Some face stigma even after making full recoverySince the beginning of the outbreak of Middle East respiratory syndrome (MERS) last month, the majority of initially affected patients have gone on to make full recoveries, but now many are experiencing a new kind of ordeal.
As of Tuesday, 54 people had been discharged from the hospital after being cleared of the virus. But some of their homecomings were not entirely positive.
“Other parents are avoiding me like I’m still infectious,” said one woman, a recovered MERS patient who resides in Suwon, Gyeonggi. “They’ve also stigmatized my children, and it makes me feel like I’m suffering more now than from the disease.”
The woman, who asked not to be named for this article, was treated on May 27 at Samsung Medical Center in Seoul, where more than 80 people were exposed to the virus and later confirmed to have MERS.
After an operation in March, she visited the emergency room at Samsung Medical Center for a fever.
She was told to go under quarantine at home on May 31, and subsequently began exhibiting MERS symptoms on June 5. She was confirmed to have the virus the following day and taken to the hospital. It took 11 days total for her to recover and be discharged.
But when she finally got out of the hospital, her neighbors and those in her community were less than welcoming.
After she was confirmed for MERS, her husband and two children quarantined themselves at home and were prohibited from contacting other people. Yet, even they were heckled.
One post on a community website read, “You must reveal your identity yourselves. Don’t you worry about the safety of others, or only your own?”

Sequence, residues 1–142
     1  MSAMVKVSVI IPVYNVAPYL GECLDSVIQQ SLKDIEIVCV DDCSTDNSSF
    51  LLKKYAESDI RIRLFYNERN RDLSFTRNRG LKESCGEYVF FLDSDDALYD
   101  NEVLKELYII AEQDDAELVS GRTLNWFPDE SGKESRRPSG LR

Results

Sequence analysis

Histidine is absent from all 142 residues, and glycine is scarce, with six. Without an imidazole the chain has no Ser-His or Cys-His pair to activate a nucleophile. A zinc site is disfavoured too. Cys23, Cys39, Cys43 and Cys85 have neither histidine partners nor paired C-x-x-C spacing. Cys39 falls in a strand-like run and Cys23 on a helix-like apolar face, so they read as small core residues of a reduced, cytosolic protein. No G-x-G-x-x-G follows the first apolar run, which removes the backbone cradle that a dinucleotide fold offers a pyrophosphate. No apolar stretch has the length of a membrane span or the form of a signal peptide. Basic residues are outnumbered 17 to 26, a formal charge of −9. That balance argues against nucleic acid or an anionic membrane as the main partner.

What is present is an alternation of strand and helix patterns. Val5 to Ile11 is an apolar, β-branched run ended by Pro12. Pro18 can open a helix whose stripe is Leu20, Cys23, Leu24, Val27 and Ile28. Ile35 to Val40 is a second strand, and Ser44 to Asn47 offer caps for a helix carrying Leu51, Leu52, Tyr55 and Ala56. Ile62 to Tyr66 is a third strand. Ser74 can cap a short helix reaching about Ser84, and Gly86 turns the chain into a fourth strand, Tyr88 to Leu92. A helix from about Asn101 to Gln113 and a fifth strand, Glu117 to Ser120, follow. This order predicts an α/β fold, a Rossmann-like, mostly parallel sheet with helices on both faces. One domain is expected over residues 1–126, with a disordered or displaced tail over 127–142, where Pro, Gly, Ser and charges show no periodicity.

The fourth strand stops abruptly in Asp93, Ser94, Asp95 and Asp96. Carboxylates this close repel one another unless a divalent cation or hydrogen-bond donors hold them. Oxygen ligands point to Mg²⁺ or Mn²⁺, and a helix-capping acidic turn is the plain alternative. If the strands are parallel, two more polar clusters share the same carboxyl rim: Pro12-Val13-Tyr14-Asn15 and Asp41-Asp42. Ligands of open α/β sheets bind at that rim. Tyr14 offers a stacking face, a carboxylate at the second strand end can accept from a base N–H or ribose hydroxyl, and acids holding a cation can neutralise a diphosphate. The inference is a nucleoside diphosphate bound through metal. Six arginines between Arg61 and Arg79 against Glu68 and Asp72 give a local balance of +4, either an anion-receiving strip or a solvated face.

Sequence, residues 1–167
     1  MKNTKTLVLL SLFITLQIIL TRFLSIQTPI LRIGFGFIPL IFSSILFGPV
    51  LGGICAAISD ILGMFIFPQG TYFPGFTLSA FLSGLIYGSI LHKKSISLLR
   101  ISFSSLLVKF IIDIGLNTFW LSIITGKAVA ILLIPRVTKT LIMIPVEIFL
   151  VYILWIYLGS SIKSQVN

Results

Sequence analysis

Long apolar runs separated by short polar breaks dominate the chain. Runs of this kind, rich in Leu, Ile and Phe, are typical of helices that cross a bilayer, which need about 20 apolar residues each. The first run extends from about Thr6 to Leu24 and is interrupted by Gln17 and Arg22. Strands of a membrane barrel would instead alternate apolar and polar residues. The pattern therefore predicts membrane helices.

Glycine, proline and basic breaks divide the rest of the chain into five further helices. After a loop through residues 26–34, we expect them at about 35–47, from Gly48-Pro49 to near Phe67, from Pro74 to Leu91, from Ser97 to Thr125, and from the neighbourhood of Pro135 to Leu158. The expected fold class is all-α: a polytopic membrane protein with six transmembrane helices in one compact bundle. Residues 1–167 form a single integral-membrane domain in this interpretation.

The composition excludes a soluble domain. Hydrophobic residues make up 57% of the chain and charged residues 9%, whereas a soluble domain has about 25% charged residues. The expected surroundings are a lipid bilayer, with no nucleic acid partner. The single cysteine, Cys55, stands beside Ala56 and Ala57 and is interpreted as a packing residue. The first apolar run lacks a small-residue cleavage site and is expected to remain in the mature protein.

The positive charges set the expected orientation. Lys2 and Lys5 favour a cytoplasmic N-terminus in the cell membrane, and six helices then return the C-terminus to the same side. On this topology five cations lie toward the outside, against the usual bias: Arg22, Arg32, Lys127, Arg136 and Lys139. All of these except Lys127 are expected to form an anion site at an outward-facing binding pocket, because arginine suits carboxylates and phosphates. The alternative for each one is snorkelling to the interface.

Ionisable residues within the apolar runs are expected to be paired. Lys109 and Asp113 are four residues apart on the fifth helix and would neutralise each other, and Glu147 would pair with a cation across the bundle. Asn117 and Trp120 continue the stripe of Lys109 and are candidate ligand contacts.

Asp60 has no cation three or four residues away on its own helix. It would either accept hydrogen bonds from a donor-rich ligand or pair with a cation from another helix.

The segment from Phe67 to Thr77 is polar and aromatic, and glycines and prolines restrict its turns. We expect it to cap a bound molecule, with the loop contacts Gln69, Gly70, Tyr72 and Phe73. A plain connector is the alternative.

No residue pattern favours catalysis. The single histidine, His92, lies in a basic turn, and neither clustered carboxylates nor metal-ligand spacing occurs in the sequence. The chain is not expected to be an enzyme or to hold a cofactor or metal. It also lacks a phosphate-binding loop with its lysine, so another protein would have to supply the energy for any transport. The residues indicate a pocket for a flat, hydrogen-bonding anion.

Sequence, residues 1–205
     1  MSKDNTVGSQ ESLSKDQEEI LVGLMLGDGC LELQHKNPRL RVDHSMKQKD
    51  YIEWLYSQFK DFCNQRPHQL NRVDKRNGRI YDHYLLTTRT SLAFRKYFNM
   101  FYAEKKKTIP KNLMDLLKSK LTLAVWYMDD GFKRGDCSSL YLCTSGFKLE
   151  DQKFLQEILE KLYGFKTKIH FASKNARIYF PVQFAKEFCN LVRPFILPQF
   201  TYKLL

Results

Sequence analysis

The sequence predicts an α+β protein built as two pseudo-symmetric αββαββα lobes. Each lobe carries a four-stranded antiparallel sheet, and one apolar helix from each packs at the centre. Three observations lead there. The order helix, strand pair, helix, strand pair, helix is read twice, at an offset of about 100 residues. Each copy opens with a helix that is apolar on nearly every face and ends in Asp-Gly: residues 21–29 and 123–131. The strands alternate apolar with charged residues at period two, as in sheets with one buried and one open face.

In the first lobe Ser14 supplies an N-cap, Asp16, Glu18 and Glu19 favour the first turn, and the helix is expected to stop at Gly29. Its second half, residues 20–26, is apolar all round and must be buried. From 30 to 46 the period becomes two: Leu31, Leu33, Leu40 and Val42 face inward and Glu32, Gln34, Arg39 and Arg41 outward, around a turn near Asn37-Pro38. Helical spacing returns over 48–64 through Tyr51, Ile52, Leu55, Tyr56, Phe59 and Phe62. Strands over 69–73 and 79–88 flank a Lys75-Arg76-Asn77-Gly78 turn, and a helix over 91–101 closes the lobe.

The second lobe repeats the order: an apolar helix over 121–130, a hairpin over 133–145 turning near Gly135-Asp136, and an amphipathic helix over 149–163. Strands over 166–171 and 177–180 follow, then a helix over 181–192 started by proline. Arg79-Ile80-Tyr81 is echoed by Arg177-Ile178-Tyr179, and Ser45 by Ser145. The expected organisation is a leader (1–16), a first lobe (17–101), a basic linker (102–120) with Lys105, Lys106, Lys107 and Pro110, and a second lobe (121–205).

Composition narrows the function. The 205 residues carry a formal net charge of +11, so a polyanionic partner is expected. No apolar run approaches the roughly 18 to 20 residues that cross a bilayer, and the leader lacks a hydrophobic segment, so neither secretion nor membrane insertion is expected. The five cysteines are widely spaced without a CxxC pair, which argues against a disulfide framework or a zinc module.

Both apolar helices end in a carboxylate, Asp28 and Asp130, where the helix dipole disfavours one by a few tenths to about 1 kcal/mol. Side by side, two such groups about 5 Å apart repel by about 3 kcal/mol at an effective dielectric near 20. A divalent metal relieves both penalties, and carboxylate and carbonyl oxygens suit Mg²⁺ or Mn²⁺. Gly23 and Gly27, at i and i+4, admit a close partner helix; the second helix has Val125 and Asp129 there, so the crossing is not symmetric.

The local government took a similar stance.
On June 10, Suwon Mayor Yeom Tae-young disclosed the name of the apartment complex where the woman lives, and places she had recently visited, on the city government website.
Information about her family was also made public. Others tracked her down and her real name spread online.
“We disclosed that information for public safety reasons,” a city government official said. “We didn’t mean to disclose her identity. There are 1,300 apartments in the complex, so we didn’t think her identity would be compromised.”
But what made her even more frustrated came a few days later.
“I can’t sleep at night since I received a phone call from the local health care center,” she said on Sunday. “Parents living nearby filed complaints to the city’s education authority and demanded it disclose the names of the schools my children attend. And the education office asked the local health care center to check it out.”
“Stigmatizing medical workers, recovered patients and their family members is evidence of a lack of community spirit,” said Professor Park Hyeong-uk, who teaches humanistic medicine at Dankook University. “It’s the patients who directly endure the pain, but we also need people to be willing to share the burden and resolve problems together.”
To prevent unnecessary concerns regarding recovered or potential patients and their children, the Ministry of Education on Sunday advised families not to stop those children from coming to school.
The ministry added that hagwon, or private cram schools, that did not accept the children of medical workers, recovered patients or potential patients could face punitive measures, including being stripped of their private school licenses.
BY RHEE ESTHER, JUNG JONG-HOON [firstname.lastname@example.org]
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